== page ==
Q. There is a crack in my foundation wall that goes from under a window down to the basement floor. On the outside there is a sidewalk next to this wall. Water comes in whenever it rains. Some say that fixing from the inside would be useless -- that I must dig up that part of the sidewalk and dirt on the outside so the wall can be repaired from the outside. What do you think?

A. I'm afraid this advice is correct. Unless you make repairs from the outside, the likihood is that the repair will not last or that the water will find its way in at another point.

Q. My house is heated with hot water, and the boiler has two valves in the cold-water line leading to it. One is an automatic feed that supplies water when needed, and I believe the other is a safety that is supposed to release water when the system is overfilled. During the past year about half a pail of water comes out of this safety valve every day while the furnace is running. I have lived here for 10 years, but never had this problem before. Do you have any suggestions?

A. The expansion tank is probably full of water; it should be full of air, or at least two-thirds full of air. This tank is usually located directly above the boiler and has a drai valve on the bottom. Turn off the boiler and let the system cool, then open the drain valve on the expansion tank and drain all the water out. If yours is an older unit, the expansion tank may also have another valve on the inlet water line leading to the expansion tank. If so, shut off the inlet valve before opening the drain valve at the bottom. After the tank is drained, close the drain valve, open the inlet valve again (if you have one), then start up the system in the usual manner.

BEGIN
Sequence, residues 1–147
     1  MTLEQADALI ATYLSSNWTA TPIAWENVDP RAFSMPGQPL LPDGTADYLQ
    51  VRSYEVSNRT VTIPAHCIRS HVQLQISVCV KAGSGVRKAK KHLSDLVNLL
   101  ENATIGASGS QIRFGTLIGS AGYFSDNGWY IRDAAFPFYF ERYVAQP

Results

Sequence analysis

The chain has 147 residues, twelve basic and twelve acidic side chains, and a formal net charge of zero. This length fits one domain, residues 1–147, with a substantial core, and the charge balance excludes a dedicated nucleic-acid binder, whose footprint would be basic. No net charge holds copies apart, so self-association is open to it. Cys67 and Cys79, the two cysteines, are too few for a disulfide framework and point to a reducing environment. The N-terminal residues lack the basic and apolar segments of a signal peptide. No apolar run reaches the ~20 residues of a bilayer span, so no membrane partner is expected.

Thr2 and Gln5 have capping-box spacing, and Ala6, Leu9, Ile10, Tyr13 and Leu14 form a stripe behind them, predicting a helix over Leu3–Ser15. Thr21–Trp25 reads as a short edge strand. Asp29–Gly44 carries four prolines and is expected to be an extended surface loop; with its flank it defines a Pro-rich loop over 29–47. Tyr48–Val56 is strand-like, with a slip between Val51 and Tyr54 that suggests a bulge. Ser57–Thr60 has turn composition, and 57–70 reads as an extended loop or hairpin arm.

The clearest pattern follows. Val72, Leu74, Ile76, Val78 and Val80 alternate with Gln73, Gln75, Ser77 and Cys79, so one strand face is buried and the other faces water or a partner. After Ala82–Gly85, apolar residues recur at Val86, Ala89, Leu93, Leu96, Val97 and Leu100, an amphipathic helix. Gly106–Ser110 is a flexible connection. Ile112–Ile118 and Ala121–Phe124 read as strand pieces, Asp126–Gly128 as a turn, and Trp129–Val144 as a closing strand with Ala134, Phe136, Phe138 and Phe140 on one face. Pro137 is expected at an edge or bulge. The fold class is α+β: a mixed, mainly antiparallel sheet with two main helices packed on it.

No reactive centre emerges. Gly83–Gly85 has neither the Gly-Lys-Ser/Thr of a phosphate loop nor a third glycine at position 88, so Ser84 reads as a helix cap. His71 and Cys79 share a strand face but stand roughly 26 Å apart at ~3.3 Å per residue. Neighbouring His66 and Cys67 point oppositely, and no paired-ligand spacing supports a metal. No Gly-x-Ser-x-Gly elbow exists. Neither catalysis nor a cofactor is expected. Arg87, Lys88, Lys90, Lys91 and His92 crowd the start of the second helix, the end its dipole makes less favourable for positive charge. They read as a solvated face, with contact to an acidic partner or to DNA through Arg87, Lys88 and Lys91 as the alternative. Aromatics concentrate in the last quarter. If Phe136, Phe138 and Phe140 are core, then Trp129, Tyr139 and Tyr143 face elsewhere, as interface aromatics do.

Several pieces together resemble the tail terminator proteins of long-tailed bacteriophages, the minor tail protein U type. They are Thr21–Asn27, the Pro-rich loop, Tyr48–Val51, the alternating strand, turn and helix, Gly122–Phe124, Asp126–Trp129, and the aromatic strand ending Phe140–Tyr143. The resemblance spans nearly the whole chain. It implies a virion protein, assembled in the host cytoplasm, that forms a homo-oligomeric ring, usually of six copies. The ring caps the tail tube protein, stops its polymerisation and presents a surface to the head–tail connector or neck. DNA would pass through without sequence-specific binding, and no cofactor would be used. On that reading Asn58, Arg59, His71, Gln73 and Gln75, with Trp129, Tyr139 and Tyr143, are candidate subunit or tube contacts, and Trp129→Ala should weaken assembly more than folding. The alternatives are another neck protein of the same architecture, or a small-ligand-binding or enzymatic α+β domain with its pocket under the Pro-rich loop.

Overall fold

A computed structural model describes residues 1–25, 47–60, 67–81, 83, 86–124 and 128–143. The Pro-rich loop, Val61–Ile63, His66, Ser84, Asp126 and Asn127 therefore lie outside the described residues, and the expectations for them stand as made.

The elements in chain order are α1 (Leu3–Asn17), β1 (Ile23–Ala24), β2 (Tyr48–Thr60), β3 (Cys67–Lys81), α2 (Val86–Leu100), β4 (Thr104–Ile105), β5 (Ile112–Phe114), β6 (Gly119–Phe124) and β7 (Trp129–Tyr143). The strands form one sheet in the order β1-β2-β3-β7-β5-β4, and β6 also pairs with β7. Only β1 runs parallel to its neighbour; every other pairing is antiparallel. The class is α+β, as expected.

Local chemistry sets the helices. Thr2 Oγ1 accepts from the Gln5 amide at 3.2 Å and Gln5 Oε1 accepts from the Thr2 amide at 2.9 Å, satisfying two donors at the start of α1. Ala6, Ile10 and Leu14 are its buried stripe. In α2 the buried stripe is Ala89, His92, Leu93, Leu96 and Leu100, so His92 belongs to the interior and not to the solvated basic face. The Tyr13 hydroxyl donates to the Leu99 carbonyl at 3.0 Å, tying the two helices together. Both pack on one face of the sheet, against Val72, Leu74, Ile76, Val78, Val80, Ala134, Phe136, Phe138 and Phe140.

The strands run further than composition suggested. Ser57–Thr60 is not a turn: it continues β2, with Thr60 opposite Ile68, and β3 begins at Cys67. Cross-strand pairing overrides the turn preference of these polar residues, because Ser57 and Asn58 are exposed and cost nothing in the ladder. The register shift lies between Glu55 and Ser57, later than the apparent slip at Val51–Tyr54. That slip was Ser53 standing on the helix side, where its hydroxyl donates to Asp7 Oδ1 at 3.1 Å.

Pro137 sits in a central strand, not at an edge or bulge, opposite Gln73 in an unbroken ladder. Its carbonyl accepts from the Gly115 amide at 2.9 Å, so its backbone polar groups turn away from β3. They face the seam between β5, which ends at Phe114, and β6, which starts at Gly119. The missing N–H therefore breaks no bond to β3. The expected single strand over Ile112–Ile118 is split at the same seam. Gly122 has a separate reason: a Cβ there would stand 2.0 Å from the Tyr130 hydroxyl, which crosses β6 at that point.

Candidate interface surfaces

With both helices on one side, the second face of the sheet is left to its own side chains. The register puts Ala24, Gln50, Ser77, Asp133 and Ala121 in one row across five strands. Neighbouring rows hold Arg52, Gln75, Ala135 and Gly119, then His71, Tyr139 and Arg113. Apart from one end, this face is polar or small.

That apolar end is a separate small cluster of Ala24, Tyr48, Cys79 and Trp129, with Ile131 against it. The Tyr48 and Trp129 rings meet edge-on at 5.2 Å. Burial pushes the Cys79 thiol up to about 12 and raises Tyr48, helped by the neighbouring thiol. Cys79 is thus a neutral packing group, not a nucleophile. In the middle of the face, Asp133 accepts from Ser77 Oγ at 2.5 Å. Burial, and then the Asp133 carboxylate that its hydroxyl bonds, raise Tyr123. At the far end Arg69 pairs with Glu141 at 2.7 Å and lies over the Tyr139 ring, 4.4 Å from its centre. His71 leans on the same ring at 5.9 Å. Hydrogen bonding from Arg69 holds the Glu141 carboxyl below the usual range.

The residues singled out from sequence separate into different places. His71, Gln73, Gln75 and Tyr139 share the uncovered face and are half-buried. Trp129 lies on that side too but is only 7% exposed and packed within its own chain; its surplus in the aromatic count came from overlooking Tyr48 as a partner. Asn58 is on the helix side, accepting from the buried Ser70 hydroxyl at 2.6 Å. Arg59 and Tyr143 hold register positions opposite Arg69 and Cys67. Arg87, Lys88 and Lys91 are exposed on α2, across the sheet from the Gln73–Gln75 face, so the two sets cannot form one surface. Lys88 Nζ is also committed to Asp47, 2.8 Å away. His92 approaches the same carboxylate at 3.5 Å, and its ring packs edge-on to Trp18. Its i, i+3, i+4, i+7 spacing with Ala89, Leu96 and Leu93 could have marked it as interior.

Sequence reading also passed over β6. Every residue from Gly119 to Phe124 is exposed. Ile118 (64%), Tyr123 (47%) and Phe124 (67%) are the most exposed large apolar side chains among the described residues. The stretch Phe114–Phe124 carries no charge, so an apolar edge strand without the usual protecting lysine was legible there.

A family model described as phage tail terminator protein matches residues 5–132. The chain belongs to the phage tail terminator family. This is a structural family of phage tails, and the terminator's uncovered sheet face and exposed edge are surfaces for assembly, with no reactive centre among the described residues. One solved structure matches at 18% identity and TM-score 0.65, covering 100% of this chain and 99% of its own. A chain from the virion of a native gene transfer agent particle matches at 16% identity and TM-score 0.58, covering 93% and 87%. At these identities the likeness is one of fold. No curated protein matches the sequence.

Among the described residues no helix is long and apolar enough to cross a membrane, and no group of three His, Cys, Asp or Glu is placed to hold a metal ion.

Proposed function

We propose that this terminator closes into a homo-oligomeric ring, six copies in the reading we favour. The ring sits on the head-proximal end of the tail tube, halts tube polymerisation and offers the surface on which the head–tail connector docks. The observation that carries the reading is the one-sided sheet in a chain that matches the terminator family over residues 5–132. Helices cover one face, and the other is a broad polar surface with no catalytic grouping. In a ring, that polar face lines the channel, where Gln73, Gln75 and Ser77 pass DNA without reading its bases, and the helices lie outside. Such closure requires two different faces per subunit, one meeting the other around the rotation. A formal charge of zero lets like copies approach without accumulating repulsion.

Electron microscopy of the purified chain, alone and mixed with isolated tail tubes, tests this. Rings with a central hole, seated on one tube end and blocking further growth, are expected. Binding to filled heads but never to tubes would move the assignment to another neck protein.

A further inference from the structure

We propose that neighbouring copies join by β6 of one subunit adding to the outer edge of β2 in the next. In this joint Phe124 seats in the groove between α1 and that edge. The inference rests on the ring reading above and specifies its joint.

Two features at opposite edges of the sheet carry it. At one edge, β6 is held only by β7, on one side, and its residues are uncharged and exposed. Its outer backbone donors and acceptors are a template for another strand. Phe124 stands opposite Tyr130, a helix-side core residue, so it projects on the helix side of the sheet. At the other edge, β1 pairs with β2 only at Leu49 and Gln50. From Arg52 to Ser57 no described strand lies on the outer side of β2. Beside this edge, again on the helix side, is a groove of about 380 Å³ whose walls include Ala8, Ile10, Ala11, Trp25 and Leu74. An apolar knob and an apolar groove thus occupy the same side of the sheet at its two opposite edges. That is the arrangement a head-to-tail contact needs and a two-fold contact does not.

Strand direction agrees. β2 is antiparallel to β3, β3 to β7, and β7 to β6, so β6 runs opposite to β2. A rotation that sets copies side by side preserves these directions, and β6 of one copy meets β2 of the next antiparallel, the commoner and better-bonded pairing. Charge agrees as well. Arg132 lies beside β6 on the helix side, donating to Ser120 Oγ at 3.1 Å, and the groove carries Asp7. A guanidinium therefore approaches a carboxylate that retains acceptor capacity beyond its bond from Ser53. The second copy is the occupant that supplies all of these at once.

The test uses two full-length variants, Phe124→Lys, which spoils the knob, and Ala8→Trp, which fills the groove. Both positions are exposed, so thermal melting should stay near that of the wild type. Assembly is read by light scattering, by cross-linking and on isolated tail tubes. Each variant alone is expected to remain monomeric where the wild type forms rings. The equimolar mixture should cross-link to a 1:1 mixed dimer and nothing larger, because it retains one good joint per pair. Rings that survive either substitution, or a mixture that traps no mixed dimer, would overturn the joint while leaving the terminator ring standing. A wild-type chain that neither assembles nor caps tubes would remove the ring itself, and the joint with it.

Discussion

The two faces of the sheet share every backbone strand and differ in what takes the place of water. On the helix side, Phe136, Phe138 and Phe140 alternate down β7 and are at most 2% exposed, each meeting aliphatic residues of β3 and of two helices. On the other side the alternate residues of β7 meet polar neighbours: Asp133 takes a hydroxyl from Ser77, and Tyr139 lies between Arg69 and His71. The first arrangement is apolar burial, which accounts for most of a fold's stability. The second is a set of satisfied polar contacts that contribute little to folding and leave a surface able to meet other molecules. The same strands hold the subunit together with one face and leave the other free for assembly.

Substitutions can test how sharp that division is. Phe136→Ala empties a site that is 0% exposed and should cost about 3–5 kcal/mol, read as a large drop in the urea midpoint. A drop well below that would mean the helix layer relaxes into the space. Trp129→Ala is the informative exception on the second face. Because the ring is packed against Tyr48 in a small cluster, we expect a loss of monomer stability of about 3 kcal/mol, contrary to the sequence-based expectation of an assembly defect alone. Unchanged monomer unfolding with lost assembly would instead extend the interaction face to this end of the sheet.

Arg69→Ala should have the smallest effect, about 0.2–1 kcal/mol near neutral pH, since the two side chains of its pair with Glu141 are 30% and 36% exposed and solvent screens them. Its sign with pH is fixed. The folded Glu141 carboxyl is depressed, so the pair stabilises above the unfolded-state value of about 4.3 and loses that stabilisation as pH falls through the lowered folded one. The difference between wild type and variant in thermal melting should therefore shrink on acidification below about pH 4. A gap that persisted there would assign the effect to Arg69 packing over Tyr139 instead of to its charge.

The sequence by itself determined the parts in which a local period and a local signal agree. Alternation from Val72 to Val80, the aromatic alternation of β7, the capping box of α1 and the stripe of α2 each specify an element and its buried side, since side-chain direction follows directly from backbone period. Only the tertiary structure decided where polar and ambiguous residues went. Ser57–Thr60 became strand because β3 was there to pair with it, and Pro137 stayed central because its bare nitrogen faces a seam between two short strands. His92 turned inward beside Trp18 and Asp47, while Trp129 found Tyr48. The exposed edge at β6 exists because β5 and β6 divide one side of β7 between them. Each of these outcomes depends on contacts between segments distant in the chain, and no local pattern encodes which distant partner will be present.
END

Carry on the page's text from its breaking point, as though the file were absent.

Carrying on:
Q. When a serviceman came in to work on the air-conditioning compressor in my backyard he managed to drip some oil on the brick patio and steps, as well as on the concrete walk leading to them. Do you know how I can remove these stains?

A. Use a liquid driveway cleaner (sold in most hardware stores) to clean the grease off the bricks. Brick is much more porous than concrete, so the oil will have penetrated deeply, and you may not be able to get it all out, but you should be able to remove much of it. You can then camouflage the stains (if they are not too large) by rubbing over them with a scrap piece of the same kind of brick.

Another method that often works is to cover the stains with dry powdered portland cement, then saturate this with paint thinner to form a paste. Cover this mixture with plastic to keep it from drying out and leave it in place for an hour or two. Then remove the plastic and sweep or vaccum the cement-paste mixture. Do not try to wash it off with water: This will cause it to soak in and further stain the brick.

Q. Is there any product you can recommend that will clean the stained marble top on an old dresser?

A. Marble stains are taken out with a poultrice made by mixing a solvent with chalk powder to form a paste. But you have to know what caused the stains, because different solvents are used for different stains.